There's not much to write about Chrono Trigger that hasn't already been covered. In fact, Zero Punctuation's Yahtzee was forced to cover it by the generous donors to the Escapist Patreon, and so it's absolutely been cut up and done to death - so there's very little merit in cutting up and deconstructing the game in this article.

Chrono Trigger feels very complete as an experience. The combat, story, visuals and music tie together perfectly, and the gameplay is just deep enough through it's RPG elements.

In broad strokes, the game starts with a tight focus on two characters. Lucca, the inventor's daughter, and Marle, the princess. Crono, the player character, is the self-insert, and thus doesn't count. He is the vehicle through which the story of Chrono Trigger is explored.

As to be expected with a video game titled after the Greek god of time, the plot involves time travel and its consequences. As you progress through the story, you learn more about the world, it's inhabitants, and the cataclysmic event that changed the world.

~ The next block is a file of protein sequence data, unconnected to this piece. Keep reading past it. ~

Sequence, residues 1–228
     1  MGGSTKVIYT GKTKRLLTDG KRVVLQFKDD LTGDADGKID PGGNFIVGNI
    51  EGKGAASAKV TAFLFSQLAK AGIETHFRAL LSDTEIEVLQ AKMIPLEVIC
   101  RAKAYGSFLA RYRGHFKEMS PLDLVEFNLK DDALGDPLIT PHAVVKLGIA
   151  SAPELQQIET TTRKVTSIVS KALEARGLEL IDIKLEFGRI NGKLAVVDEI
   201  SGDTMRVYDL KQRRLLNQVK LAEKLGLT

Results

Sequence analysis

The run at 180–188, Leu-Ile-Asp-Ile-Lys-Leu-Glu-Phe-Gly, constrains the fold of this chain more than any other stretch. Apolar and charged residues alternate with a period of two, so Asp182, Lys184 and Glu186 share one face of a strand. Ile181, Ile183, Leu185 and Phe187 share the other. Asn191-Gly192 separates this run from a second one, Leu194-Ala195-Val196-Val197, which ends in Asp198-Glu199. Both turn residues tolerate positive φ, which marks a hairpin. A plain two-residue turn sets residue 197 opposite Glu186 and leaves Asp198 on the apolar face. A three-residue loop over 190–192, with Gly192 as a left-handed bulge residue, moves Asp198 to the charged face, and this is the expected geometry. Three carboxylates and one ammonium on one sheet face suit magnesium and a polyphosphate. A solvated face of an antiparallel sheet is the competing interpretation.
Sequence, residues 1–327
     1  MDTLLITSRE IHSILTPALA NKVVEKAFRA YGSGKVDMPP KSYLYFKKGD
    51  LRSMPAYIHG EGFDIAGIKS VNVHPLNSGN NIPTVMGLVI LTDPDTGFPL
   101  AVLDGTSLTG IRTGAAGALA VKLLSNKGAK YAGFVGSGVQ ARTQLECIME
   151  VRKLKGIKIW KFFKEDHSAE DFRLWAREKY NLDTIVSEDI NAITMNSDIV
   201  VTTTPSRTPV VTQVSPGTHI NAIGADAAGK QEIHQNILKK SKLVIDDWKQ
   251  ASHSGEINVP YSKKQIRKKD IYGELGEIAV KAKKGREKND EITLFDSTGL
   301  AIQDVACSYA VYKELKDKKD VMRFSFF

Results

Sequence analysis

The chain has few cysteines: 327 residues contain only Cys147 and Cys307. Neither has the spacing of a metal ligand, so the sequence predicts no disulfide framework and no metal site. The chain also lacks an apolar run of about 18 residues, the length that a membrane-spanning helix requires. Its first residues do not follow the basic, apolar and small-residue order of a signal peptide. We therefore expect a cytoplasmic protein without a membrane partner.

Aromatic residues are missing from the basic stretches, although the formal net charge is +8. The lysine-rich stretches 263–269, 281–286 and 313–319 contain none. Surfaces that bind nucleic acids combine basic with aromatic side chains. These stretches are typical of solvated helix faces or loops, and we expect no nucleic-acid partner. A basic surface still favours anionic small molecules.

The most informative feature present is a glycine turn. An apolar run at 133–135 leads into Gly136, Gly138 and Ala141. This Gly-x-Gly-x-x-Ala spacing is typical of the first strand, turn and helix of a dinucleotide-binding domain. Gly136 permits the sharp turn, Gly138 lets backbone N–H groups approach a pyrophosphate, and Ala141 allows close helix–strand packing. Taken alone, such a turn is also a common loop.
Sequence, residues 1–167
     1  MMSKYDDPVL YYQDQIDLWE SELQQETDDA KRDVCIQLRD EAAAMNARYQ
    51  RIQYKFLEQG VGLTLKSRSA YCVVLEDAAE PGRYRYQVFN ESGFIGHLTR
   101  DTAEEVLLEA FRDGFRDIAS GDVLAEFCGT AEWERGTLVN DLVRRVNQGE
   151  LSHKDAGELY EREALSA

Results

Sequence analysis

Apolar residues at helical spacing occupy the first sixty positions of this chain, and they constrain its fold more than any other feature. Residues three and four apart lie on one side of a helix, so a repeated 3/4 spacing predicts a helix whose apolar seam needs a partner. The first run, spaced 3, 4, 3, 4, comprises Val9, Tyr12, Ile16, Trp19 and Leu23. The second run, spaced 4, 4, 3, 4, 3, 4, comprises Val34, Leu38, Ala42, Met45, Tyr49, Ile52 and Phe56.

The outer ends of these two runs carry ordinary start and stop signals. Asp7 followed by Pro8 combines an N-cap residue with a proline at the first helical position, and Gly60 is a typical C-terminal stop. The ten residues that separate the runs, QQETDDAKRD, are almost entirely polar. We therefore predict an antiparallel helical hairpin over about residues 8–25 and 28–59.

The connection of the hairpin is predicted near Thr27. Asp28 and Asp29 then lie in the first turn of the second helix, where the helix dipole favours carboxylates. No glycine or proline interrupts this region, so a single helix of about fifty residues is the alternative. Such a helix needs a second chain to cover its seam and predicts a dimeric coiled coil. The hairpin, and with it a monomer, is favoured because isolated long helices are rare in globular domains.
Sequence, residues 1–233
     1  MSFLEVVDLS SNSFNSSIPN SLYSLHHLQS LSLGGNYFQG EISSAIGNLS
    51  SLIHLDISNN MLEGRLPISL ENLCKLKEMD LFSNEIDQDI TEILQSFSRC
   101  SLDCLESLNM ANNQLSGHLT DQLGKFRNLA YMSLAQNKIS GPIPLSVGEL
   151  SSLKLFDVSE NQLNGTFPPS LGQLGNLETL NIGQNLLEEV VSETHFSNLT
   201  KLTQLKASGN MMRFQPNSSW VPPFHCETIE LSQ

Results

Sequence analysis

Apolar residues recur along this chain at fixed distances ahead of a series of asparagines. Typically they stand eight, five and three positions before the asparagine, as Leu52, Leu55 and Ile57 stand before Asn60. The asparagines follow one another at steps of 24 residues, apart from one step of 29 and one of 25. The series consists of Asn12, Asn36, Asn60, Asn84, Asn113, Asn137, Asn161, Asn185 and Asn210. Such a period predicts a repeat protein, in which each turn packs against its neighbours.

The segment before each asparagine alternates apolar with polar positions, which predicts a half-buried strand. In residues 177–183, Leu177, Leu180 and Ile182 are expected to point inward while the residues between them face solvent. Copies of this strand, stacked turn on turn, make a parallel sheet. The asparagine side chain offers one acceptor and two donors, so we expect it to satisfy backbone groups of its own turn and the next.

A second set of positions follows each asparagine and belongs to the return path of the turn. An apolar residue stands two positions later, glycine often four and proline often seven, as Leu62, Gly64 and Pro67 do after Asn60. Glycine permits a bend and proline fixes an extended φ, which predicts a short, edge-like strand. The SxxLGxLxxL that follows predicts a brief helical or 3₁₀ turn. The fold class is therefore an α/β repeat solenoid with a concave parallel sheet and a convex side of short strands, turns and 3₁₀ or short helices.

And lo, the meme of "using the power of friendship to kill god" was born.

Along the way you'll be treated to touching moments of character development, high drama, unexpected twists, and just about everything in between. The overarching storyline of "work to prevent the apocalypse" ties everything together well. The player knows they're always working toward that goal - the path may divert for subplots, or side quests, but the time travel elements of the game stop these diversions from causing the player to think they're durdling about whilst the big bad's plan stays in perpetual motion.

As a way to drive the vehicle of gameplay, it's... good. It's not perfect, however.